This friendship is just one example of how putting yourself out there can have such rewarding results. With our most recent move, I had to make new friends all over again. It still didn’t feel normal for me to make the first move and ask for another mom’s phone number, but I knew the importance of building community as a military spouse. I didn’t want my only friends to be my kids. It took some time and a few missed opportunities for me to realize how silly I was being. “Just do it,” I could hear my husband say.

So, I did.

I began interacting with other moms at play places, eagerly exchanging contact information. It felt a little foreign and quite random at times, but it was so worth it. I’ve exchanged numbers with moms at parks, in the baby section of a department store, while getting groceries, and at the library for storytime. Bringing a new mom’s phone number home makes me feel like a giddy 15-year-old again. Sometimes, I even throw in a happy-dance for good measure.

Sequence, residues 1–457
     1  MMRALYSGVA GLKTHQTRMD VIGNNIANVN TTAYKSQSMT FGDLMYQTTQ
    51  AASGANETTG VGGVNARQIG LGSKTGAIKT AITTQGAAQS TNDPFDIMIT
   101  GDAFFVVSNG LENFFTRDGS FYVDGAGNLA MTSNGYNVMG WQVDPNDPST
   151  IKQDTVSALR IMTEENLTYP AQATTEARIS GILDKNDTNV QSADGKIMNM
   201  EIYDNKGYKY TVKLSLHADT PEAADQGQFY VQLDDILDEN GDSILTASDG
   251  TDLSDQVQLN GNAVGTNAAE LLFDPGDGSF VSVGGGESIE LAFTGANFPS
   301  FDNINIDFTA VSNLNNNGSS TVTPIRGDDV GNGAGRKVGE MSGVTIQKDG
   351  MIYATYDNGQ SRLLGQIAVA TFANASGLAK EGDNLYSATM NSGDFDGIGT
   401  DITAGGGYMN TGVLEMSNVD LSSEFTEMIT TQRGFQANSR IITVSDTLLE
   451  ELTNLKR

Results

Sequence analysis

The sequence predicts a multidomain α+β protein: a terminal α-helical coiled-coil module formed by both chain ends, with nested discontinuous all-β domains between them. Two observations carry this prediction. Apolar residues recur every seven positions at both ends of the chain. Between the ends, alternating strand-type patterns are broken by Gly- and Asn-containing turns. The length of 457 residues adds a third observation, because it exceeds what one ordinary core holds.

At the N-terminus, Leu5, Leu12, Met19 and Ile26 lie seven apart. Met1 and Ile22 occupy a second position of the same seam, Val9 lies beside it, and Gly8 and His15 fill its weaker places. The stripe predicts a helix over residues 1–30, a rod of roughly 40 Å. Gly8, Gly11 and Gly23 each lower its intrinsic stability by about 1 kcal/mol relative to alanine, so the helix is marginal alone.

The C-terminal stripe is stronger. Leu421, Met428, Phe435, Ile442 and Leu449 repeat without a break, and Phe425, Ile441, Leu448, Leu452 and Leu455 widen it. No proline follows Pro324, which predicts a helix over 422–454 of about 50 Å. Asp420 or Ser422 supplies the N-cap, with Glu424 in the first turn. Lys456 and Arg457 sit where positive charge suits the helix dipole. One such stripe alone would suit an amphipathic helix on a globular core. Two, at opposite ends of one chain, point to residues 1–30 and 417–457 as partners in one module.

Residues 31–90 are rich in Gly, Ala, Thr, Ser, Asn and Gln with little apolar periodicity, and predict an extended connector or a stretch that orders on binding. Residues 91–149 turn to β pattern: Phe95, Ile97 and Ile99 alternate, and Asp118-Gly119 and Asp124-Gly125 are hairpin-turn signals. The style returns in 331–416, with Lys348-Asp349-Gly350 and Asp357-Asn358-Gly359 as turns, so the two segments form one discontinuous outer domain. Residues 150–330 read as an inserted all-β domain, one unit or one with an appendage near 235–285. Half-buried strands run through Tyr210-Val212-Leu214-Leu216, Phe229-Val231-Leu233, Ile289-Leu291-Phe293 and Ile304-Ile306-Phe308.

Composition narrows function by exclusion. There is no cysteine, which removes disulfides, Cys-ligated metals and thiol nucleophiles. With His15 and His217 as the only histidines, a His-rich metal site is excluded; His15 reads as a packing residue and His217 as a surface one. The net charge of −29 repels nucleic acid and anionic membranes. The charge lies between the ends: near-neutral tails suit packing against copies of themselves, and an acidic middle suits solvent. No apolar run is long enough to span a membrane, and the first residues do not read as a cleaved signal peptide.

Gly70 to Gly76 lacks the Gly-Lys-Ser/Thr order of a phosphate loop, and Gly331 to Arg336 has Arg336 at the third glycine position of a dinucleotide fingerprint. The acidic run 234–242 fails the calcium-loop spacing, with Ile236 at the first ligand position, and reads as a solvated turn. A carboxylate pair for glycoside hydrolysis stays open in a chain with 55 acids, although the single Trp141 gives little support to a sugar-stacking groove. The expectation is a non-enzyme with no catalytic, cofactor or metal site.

Building Community as a Military Spouse

Building community as a military spouse is crucial. I’ve learned a lot from my community of friends, and I’ve learned a lot about me through them. It’s fun watching our children develop friendships, but it’s even more fun when we meet for breakfast after dropping them off at school, grab a glass of wine for girls’ night, or meet once a month for book club.

I’m so thankful (and relieved) I decided to abandon my inhibitions and anxiety over meeting new people. Imagine all I would have missed had I not stepped out of my comfort zone and introduced myself.

If you’re the new girl, yearning for mommy-friends, make the first move. I promise it’ll be worth it.

It’s hard to leave your tribe, but what about When They Leave You: Saying Goodbye to Military Friends?Building a Community as a Military Spouse Wherever You Go

Photo Credits: Renee Slusser